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LOWELL - The University of Massachusetts Lowell has launched a new software program - the first to be commercially developed and sold on the open market.
Managed by the UMass Lowell Commercial Ventures and Intellectual Property (CVIP) office, EMS WebWareTM will help any organization, university, municipality or state agency develop a method of environmental stewardship, with ease and flexibility of use and complete document control. UML Director of Environment Health and Safety Richard Lemoine developed the program with former computer science graduate student Mikunj Joshi.
Susu Wong, CVIP licensing associate and chief marketer of the software, said business projections are conservative at more than $750,000 over five years, and the market potential is much greater. The UMass Lowell CVIP invested seed money and support for commercialization of EMS WebWare - which has been registered by the U.S. Copyright and Patent Office.
has many features consolidated onto a Web platform," Wong said. "It's really well integrated and functions better than competitors' software. EMS is just the first version of the platform. Any documentation-control environment, such as lawyers' offices would benefit from this software."
Wong plans to sell direct to end-users with a standard licensing agreement; through value-added retailers, such as EMS training providers; and direct to agencies and universities, using sales representatives.
Environmental Management Systems (EMS) was introduced by the U.S. Environmental Protection Agency (EPA) to encourage all public and private entities to enhance their environmental performance. EMS is closely modeled on the international ISO 14001 standard requirements that large corporations use.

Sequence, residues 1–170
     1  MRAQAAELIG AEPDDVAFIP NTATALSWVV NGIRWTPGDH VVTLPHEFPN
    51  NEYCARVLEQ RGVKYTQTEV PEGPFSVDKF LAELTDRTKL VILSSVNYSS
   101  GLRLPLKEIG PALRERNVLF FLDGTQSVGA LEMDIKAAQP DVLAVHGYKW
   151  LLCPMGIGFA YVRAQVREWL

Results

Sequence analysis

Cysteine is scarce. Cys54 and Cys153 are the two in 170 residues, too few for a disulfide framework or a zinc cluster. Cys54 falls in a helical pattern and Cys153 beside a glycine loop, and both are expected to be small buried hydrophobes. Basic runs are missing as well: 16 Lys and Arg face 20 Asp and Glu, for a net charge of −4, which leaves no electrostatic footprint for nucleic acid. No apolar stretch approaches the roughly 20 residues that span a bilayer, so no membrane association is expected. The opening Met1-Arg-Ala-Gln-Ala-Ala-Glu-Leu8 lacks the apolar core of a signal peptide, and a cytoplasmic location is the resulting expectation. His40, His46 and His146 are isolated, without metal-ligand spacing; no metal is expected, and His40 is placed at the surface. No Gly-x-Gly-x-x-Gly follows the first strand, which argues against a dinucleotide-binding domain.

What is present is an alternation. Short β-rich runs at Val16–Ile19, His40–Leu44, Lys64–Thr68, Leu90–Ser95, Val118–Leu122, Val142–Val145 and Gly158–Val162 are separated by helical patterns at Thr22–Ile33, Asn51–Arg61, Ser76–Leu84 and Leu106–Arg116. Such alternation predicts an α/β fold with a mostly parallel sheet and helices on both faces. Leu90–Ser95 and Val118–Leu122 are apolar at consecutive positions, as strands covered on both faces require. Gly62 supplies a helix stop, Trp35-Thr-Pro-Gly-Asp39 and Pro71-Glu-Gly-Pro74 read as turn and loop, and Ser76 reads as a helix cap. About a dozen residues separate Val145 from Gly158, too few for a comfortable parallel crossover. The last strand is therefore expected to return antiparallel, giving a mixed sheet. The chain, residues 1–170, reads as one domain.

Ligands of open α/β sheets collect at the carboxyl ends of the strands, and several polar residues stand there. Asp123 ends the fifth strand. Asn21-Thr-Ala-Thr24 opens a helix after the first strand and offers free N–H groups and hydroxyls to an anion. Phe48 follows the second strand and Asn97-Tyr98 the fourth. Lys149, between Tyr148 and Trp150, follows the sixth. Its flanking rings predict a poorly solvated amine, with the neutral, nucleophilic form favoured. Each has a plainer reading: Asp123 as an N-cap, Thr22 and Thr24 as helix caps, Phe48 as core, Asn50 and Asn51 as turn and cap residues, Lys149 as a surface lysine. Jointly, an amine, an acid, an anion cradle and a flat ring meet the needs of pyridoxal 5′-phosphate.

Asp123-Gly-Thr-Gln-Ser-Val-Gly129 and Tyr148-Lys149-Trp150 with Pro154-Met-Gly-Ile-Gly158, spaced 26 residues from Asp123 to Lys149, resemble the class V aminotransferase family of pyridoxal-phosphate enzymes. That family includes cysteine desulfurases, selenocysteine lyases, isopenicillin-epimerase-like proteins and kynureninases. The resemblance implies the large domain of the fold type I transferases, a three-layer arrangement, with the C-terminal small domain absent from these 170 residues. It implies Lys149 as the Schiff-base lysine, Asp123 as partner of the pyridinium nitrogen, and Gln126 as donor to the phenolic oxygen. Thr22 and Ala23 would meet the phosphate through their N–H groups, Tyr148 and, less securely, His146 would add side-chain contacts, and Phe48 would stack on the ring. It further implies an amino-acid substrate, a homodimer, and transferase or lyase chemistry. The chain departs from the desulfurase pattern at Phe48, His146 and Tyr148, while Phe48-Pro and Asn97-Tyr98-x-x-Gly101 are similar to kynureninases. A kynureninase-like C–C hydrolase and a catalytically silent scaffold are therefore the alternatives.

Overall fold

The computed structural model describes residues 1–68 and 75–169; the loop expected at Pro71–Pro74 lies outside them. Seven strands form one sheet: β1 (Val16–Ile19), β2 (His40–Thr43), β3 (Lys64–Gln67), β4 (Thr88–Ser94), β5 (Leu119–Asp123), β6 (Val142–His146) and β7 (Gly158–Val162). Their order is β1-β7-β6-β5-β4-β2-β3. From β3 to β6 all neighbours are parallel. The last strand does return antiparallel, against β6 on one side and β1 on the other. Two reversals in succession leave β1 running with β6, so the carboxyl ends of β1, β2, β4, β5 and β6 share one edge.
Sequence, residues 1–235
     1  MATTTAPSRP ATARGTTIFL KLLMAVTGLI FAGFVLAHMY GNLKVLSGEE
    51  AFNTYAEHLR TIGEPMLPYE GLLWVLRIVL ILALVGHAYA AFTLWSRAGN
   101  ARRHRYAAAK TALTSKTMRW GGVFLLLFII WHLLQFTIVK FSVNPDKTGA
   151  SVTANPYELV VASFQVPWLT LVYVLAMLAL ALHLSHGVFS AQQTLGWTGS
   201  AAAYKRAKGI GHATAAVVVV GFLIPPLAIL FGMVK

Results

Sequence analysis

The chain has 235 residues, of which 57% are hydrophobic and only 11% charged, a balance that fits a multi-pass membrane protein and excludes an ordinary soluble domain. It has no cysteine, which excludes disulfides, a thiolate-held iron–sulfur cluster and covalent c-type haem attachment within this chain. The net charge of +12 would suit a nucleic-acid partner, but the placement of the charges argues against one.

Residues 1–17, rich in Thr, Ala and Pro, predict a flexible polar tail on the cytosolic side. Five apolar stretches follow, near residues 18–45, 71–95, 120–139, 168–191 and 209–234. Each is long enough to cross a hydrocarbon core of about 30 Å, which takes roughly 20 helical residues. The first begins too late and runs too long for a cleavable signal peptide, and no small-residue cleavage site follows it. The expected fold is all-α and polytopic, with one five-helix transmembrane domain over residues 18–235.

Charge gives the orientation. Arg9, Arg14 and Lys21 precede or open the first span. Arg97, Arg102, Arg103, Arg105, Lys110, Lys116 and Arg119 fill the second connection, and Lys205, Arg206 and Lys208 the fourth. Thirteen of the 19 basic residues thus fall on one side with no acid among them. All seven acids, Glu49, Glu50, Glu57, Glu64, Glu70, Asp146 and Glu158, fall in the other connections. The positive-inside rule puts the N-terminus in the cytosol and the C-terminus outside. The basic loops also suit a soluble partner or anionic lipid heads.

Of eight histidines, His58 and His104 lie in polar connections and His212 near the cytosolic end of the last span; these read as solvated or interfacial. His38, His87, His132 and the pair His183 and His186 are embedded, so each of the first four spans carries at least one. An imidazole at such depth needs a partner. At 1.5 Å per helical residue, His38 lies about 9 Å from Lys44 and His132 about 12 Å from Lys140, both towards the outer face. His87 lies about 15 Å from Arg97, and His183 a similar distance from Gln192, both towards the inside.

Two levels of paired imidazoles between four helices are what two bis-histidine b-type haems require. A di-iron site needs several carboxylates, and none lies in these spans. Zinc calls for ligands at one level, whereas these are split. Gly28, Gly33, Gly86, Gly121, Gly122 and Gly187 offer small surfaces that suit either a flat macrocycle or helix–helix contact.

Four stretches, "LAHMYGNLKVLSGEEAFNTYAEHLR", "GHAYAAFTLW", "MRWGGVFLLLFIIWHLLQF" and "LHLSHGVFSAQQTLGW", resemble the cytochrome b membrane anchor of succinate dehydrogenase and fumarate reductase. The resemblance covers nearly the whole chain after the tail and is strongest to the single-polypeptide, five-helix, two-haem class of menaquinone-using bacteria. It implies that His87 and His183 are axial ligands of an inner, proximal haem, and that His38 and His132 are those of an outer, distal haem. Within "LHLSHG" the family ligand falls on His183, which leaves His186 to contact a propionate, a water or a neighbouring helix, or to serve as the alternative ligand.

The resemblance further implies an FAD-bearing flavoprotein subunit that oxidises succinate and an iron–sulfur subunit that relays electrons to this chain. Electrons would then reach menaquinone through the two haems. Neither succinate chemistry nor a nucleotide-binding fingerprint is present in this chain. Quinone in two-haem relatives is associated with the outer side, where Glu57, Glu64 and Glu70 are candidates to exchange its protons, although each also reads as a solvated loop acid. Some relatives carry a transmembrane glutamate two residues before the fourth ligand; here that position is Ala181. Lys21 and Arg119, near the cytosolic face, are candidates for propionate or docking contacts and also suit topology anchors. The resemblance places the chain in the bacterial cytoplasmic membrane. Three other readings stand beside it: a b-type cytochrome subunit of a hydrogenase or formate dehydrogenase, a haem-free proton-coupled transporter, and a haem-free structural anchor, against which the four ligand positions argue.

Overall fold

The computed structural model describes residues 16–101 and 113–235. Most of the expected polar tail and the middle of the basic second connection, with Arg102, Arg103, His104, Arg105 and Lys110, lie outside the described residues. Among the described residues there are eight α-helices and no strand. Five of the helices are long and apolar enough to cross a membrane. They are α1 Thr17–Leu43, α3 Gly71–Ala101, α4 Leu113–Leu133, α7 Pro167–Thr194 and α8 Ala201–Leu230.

The EPA has recognized UMass Lowell as one of the first universities in the nation to develop and implement an EMS program. The EMS WebWare
will be fully supported by UML's Administrative Computing Department.
"Developing an Environmental Management System doesn't have to be draining to an organization. Selecting the right software solution can save time, money and frustration," said Lemoine, who believes the UML-developed software will assist any public and private agency or college and university across the country to streamline their process to develop a successful EMS program.
Lemoine has been an environmental health and safety professional at the University for 20 years. He is a member of an EPA national steering committee for EMS development and implementation. Mikunj Joshi is employed at Workscape, Inc., a Web-based software company headquartered in Framingham.
Companies can sample the software at www.emswebware.com.
EMS WebWare is the first software taken to market, but it won't be the last, according to Wong.
"We expect to develop a portfolio," she says. "Faculty and staff across campus develop software for their own use. Many of these may have market potential."
The University of Massachusetts Lowell, a comprehensive university with special expertise in applied science and technology, is committed to educating students for lifelong success and conducting research and outreach activities that sustain the economic, environmental and social health of the region. UML offers its 11,000 undergraduate and graduate students more than 80 degree programs in the colleges of Arts and Sciences, Engineering, Management, and the School of Health and Environment and the Graduate School of Education. Visit the Web site at www.uml.edu.